The economic recession, the general despondency and the assumption that music lovers are conservative and will be searching for something familiar all add to the apparent desperation in this year's Christmas preparations by record companies around the world.
Like every year, the music industry wants to increase its sales and profits with relative ease by issuing a good number of collections that appeal to the vast majority of their listeners - the ones who have always loved certain songs by K.D. Lang, for instance, or Sting, but would not bother to buy their albums.
For many years Christmas anthologies have been issued with thick, decorative jackets, and other superfluous additions, such as video clips that can be viewed using the CD-ROM drive on a computer. The companies' considerations are clear: they own the copyrights to the songs and putting out a collection is relatively cheap and easy.
But this year the number of collections is so great as to attest to the almost total freeze of new productions in the music industry.
The mood following the terror attacks in the United States is also one of nostalgia, together with exemplary patriotism. One example of this that a special edition of three patriotic songs by Elvis Presley, reissued by RCA, has reached sixth place for sales in the U.S. "America the Beautiful," "Amazing Grace," and "If I Could Dream," have become hits 20 years after Presley's songs disappeared from the sales charts. All the proceeds from the sale of the new record will be donated to the Red Cross fund for victims of terror.
Record companies are publishing all sorts of collections. Nostalgia collections, anthologies of bands that were considered alternative, collections of songs by all-male or all-female groups, anthologies of liturgical rock songs that are compulsory items for collectors, collections by divas in various forms of emotional distress that prevent them from making commitments for new studio albums, and the list goes on.
The record companies have a particularly sophisticated approach to collections by alternative bands or ones that were considered alternative. Because their target market is relatively inflexible, with most enthusiasts already owning the important albums by these bands, the companies add a song or two that these consumers will find hard to resist. This category includes collections by Cure, Smashing Pumpkins and dEUS.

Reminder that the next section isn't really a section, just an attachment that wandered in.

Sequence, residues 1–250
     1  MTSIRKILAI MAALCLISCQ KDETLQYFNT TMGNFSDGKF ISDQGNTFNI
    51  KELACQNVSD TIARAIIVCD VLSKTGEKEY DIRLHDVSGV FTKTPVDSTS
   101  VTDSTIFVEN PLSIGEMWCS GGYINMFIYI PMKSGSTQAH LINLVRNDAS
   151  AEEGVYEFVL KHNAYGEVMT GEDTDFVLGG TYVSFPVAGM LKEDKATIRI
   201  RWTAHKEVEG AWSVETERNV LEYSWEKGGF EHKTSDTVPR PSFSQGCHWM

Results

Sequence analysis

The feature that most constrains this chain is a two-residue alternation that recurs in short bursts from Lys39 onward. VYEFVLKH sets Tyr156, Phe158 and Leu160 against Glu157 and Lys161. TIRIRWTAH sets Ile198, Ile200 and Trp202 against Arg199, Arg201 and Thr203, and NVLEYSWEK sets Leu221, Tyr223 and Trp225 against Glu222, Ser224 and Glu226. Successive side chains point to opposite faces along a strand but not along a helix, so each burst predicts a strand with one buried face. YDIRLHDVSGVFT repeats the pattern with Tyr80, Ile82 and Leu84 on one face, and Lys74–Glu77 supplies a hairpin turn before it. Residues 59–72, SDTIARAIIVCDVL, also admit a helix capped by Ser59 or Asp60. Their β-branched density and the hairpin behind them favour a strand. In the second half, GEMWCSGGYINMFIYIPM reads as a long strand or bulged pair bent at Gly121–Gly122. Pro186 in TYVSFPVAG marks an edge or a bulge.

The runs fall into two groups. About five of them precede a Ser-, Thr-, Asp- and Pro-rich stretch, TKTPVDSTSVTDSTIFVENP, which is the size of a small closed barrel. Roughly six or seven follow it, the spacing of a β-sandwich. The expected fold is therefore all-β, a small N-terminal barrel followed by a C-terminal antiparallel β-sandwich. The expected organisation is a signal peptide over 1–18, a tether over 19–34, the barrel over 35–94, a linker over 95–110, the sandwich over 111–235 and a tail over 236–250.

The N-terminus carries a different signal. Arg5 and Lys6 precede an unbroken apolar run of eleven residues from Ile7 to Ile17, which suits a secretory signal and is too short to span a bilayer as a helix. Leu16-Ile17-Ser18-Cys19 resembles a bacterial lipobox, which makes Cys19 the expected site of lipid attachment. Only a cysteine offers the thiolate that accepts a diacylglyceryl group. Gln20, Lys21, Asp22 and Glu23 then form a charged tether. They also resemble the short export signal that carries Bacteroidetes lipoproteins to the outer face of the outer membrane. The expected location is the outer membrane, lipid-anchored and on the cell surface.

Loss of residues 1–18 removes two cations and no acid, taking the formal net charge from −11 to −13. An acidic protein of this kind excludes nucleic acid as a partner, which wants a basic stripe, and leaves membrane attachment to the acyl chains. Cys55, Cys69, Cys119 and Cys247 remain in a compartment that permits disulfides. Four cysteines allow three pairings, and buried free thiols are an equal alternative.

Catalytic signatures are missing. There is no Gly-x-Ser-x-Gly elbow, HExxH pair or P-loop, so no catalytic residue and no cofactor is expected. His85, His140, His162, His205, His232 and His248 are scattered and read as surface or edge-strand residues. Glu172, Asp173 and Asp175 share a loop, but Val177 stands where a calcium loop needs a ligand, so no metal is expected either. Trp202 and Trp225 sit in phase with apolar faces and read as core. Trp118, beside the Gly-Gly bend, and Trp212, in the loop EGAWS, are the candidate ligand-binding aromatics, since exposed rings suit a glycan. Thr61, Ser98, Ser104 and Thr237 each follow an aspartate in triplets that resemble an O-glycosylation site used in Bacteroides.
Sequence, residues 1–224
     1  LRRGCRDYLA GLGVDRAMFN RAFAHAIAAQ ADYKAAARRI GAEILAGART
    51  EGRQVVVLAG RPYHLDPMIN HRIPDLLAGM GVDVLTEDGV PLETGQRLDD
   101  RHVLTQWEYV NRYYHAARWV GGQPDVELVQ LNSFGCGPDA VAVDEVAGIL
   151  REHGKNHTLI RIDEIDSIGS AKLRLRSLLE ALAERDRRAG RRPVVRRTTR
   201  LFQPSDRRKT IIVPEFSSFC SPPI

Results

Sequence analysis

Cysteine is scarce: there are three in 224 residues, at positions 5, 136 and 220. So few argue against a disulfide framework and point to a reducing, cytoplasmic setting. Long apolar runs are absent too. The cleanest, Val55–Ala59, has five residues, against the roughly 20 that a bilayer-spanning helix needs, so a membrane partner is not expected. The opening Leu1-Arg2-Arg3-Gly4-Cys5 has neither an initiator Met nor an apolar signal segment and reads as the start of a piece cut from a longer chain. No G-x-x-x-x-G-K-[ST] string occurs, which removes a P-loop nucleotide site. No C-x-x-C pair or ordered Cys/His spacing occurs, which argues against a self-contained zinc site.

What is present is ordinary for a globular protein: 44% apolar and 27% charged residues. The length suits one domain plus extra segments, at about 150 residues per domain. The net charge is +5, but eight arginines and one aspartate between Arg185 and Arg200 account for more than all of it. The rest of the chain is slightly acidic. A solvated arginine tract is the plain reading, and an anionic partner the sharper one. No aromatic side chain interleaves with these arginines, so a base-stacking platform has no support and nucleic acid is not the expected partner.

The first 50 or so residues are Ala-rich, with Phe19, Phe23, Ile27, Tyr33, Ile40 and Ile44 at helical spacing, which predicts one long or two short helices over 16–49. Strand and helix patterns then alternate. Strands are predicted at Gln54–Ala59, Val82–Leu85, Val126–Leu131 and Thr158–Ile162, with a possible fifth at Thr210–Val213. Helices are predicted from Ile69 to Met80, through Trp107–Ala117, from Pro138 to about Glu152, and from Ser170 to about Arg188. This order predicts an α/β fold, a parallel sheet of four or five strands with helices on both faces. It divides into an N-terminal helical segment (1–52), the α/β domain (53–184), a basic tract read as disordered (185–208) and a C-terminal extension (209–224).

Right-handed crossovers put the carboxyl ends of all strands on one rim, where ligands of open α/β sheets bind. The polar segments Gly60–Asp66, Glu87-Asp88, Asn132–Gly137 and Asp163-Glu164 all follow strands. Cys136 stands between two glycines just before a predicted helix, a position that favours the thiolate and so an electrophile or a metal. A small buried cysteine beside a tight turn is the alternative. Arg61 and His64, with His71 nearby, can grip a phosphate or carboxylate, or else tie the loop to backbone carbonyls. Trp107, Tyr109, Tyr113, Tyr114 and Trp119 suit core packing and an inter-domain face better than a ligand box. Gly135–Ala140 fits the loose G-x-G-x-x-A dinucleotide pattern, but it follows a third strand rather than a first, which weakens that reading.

Cure's "Greatest Hits" album contains almost all the hits included in the "Standing on the Beach" collection, a few from the problematic "Kiss Me Kiss Me" album and a smattering from the beautiful "Disintegration" album. For reasons mentioned above, two new songs have been added: the well-written "Cut Here," which brings back the better days of Robert Smith and "Just Say Yes," a duet with Saffron (Samantha Sparkling), the nerve-racking singer from Republic.
The "Rotten Apples" collection by Smashing Pumpkins repeats the same exercise: Most of the songs have already appeared on albums that fans have at home, especially "Gish" and Mellon Collie and the Infinitive Sadness." Again, this new album contains very few of the lovely songs from the "Adore" album, one of the better ones by Billy Korgan and his talented though problematic gang. The two new songs, "Real Love and "Untitiled," are nice, but do not justify buying the collection just for them. The very nature of this band goes against the concept of a "Greatest Hits" album. The Virgin record company forced the band to release the album as compensation, after years of drug rehab treatments, creativity depressions and behavior that went against everything required of a successful rock group.
The "hits" by dEUS are also a difficult combination to swallow, and put the entire Christmas preparations of the record companies in an almost satirical light. Why does this esteemed Belgian band need a "Greatest Hits" collection? Surely its fans already own it's two most outstanding albums, "Worst Scenarios" and "In a Bar Under the Sea." The new collection even includes the song "Nothing Really Ends."